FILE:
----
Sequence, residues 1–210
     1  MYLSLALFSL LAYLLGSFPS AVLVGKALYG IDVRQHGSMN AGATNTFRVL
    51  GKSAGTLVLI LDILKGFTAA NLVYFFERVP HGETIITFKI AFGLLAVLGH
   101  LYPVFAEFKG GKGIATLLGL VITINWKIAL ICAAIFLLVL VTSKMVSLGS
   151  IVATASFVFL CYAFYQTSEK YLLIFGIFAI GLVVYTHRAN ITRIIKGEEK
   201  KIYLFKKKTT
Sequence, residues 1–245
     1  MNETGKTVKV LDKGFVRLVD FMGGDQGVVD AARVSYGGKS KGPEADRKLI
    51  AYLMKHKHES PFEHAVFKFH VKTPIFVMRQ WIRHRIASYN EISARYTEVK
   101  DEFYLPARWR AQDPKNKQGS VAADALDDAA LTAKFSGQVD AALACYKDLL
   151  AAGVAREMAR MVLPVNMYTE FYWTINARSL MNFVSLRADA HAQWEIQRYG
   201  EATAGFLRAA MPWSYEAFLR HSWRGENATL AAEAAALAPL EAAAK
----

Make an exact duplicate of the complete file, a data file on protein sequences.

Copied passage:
Sequence, residues 1–210
     1  MYLSLALFSL LAYLLGSFPS AVLVGKALYG IDVRQHGSMN AGATNTFRVL
    51  GKSAGTLVLI LDILKGFTAA NLVYFFERVP HGETIITFKI AFGLLAVLGH
   101  LYPVFAEFKG GKGIATLLGL VITINWKIAL ICAAIFLLVL VTSKMVSLGS
   151  IVATASFVFL CYAFYQTSEK YLLIFGIFAI GLVVYTHRAN ITRIIKGEEK
   201  KIYLFKKKTT
Sequence, residues 1–245
     1  MNETGKTVKV LDKGFVRLVD FMGGDQGVVD AARVSYGGKS KGPEADRKLI
    51  AYLMKHKHES PFEHAVFKFH VKTPIFVMRQ WIRHRIASYN EISARYTEVK
   101  DEFYLPARWR AQDPKNKQGS VAADALDDAA LTAKFSGQVD AALACYKDLL
   151  AAGVAREMAR MVLPVNMYTE FYWTINARSL MNFVSLRADA HAQWEIQRYG
   201  EATAGFLRAA MPWSYEAFLR HSWRGENATL AAEAAALAPL EAAAK